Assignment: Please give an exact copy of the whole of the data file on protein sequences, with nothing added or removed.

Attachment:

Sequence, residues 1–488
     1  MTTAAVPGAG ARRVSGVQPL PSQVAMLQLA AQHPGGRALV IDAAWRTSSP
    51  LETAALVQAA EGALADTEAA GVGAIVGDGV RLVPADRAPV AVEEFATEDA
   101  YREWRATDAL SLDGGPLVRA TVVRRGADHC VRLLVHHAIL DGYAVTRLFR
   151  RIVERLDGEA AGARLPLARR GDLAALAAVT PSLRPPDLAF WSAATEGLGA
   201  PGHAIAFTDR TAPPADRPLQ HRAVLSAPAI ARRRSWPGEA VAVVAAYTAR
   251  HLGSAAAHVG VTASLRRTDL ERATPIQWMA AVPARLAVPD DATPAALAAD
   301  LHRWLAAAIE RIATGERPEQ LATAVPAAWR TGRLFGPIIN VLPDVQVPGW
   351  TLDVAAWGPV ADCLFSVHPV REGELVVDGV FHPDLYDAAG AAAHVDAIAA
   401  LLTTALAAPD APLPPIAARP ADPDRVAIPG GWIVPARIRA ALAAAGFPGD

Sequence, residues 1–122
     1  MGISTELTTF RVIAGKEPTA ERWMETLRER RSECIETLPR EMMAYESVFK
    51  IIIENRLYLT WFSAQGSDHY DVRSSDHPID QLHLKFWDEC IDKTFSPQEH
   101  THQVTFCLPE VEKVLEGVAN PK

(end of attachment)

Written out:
Sequence, residues 1–488
     1  MTTAAVPGAG ARRVSGVQPL PSQVAMLQLA AQHPGGRALV IDAAWRTSSP
    51  LETAALVQAA EGALADTEAA GVGAIVGDGV RLVPADRAPV AVEEFATEDA
   101  YREWRATDAL SLDGGPLVRA TVVRRGADHC VRLLVHHAIL DGYAVTRLFR
   151  RIVERLDGEA AGARLPLARR GDLAALAAVT PSLRPPDLAF WSAATEGLGA
   201  PGHAIAFTDR TAPPADRPLQ HRAVLSAPAI ARRRSWPGEA VAVVAAYTAR
   251  HLGSAAAHVG VTASLRRTDL ERATPIQWMA AVPARLAVPD DATPAALAAD
   301  LHRWLAAAIE RIATGERPEQ LATAVPAAWR TGRLFGPIIN VLPDVQVPGW
   351  TLDVAAWGPV ADCLFSVHPV REGELVVDGV FHPDLYDAAG AAAHVDAIAA
   401  LLTTALAAPD APLPPIAARP ADPDRVAIPG GWIVPARIRA ALAAAGFPGD

Sequence, residues 1–122
     1  MGISTELTTF RVIAGKEPTA ERWMETLRER RSECIETLPR EMMAYESVFK
    51  IIIENRLYLT WFSAQGSDHY DVRSSDHPID QLHLKFWDEC IDKTFSPQEH
   101  THQVTFCLPE VEKVLEGVAN PK